A man pushing a pram is an ordinary sight on Helsinki streets. Fathers take an active role in raising children. It is common that parents pursue ambitious careers and also emphasise good everyday life with their family.
Most women and men of the working age bracket work actively. In this sense, Finland is the second most gender equal country in the EU region. The employment rate of mothers is 77 percent. This present-day situation has roots in history – Finnish women have always worked a lot, and there was never a strong culture of stay-at-home mothers.
Helsinkians do not tend to stay at the office until the evening hours. Nobody would normally presume that someone would stay at work past five o'clock. Working days are usually 7.5 hours long, and in addition to free weekends there are many bank holidays in the calendar. Finns tend to have five weeks of paid vacation a year, and some have two weeks more according to their collective labour agreements.
This is the same Helsinki that ranks fourth among rising start-up ecosystems and has been named the most innovative region in the EU. The same city that is home to Supercell, Nokia, Rovio, Wolt, Smartly, Futurice, F-Secure and Varjo, to name a few. The same Helsinki that is investing in the Maria 01 and expanding it to become Europe’s largest startup campus, home to 650 new operators and jobs for at least 4,000 people.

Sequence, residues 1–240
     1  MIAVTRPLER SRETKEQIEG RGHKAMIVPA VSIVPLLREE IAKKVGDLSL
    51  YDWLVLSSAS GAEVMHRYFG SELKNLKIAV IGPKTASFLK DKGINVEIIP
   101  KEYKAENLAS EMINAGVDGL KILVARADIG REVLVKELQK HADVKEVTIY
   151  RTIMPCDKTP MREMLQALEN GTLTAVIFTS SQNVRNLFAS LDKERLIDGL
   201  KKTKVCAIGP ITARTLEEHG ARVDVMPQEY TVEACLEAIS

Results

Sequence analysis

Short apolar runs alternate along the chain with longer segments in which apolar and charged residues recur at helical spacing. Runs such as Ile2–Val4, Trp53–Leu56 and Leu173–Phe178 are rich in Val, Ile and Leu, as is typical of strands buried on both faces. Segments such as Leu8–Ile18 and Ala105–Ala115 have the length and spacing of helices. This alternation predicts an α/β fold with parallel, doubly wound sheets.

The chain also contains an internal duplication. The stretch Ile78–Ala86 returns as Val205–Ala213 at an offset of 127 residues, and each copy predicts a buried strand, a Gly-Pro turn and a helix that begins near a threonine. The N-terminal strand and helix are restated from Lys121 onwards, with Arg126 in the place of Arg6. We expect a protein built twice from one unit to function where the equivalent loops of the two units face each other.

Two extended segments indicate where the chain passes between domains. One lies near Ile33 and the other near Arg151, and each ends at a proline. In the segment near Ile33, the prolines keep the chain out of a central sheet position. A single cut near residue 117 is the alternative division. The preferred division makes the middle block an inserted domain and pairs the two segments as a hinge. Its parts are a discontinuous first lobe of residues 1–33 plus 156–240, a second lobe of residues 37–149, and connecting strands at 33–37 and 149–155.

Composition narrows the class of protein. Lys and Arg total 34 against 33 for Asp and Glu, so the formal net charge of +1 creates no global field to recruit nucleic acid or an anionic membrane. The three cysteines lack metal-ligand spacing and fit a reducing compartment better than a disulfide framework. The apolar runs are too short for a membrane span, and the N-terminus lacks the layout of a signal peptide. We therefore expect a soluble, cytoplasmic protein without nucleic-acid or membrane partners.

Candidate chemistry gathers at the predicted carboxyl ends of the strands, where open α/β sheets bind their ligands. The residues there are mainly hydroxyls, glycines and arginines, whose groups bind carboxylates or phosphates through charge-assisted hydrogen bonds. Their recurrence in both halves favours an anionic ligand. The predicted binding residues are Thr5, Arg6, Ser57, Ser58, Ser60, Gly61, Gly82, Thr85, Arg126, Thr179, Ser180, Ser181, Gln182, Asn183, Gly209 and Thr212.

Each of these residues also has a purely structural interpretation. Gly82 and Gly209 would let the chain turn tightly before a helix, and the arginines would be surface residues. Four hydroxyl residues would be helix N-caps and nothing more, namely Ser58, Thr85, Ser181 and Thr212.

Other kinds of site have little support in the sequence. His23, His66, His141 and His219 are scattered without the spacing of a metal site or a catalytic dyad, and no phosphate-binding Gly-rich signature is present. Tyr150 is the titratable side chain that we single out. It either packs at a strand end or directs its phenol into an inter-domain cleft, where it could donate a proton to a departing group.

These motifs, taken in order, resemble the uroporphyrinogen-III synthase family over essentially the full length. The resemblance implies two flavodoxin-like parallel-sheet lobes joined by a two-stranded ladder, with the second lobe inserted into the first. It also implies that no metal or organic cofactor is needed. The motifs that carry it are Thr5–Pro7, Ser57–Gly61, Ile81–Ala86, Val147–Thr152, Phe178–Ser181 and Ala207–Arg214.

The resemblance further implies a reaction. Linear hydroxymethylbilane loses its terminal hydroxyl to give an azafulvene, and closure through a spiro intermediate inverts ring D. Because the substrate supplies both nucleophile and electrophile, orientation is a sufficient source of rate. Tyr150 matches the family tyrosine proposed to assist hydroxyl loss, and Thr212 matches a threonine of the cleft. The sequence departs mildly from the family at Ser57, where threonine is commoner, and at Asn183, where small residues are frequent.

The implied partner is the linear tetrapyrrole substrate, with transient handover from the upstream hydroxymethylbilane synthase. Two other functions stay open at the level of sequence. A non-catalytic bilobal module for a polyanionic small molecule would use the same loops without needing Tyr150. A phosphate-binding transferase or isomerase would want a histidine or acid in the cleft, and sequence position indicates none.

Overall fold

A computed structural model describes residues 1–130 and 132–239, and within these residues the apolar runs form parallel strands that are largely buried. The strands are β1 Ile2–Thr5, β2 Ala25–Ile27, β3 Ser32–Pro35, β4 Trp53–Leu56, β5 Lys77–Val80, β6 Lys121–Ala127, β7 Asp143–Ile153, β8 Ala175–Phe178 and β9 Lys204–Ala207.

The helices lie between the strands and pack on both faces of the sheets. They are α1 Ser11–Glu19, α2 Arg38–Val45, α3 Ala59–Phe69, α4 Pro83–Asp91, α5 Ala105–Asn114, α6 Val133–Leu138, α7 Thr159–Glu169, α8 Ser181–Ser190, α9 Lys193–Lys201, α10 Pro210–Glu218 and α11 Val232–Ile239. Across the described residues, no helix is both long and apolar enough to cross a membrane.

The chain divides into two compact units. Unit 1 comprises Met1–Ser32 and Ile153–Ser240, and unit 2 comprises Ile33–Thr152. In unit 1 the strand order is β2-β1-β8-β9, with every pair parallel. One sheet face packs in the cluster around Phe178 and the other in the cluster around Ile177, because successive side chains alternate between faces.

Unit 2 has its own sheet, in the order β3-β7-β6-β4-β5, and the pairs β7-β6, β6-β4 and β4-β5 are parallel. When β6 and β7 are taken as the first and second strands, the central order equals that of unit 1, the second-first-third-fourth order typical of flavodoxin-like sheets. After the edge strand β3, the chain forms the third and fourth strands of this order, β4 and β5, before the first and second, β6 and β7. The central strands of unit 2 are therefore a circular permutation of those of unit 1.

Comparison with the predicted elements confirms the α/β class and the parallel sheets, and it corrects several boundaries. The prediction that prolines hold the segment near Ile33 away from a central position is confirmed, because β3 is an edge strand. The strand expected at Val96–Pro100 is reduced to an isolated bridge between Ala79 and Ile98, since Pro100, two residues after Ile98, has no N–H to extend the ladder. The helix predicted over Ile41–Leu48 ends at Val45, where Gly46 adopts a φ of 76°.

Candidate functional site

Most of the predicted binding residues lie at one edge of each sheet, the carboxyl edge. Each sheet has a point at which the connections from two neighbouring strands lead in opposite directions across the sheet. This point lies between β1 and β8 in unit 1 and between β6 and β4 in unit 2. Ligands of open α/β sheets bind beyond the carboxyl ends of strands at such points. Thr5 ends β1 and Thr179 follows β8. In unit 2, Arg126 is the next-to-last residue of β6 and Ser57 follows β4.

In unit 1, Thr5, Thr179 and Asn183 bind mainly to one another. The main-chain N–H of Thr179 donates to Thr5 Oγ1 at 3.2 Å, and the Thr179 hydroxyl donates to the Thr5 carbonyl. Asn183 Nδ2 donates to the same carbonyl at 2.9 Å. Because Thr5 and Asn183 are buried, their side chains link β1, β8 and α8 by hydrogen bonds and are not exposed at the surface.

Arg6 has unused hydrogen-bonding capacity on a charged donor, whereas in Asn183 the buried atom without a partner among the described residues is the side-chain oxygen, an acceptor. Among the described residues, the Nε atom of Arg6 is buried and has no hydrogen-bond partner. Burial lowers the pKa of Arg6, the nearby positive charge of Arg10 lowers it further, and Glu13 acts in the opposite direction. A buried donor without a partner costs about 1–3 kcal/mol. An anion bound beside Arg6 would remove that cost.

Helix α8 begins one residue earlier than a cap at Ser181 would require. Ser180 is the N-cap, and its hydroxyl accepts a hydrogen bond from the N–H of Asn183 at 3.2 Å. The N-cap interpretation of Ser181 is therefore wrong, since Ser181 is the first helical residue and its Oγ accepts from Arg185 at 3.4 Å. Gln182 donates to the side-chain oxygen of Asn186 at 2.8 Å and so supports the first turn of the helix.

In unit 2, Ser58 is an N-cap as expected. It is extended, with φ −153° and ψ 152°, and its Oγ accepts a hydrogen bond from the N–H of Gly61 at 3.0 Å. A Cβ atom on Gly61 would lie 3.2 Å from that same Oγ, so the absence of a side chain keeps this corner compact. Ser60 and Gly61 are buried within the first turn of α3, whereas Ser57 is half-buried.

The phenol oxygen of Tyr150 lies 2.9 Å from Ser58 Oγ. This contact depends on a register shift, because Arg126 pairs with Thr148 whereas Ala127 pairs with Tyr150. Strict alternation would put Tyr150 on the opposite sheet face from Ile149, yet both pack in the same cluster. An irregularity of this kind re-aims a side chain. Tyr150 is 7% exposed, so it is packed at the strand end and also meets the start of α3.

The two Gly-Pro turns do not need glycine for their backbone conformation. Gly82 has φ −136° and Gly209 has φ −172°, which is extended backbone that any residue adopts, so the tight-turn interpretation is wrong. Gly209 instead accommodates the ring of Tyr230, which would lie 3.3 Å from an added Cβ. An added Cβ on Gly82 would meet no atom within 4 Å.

The rate of employment in Helsinki is 74.5 percent. The growth of employment has also been good in Helsinki. Especially the fields of occupational activities, science and technology have seen a surge in job creation. A lot of new jobs in IT and communication were born in 2018, and at the moment the field has surpassed the employment growth in the commercial sector.
Finland's working age population is highly educated. 52 percent of Helsinkians aged 25-64 years old have completed higher education. The same figure is 38 percent outside the capital region.
Schools and kindergartens around the corner
One special feature that sets Finland apart from other countries is that children have a right to enjoy full daycare. Everyone’s right to daycare ensures access to early childhood education for every child.
In addition to daycare, society also offers many other services that are accessible to all families regardless of their income level. Children can attend pre-primary education before they start school where learning is supported through playing.
During the first two school years, children can also take part in morning and afternoon activities. Child health centres, parenting guidance and other children's wellbeing services also serve to support the whole family.
In Finland most children attend daycare centres and schools in close vicinity to where they live because parents find that the level of education is equal everywhere. Pre-primary education is available in Helsinki in both municipal and private daycare centres. Finns do not tend to make a great separation between paid private schools and free public schools and parents like to send their children to the nearest school. Around 81 percent of Helsinki primary school students study in public schools.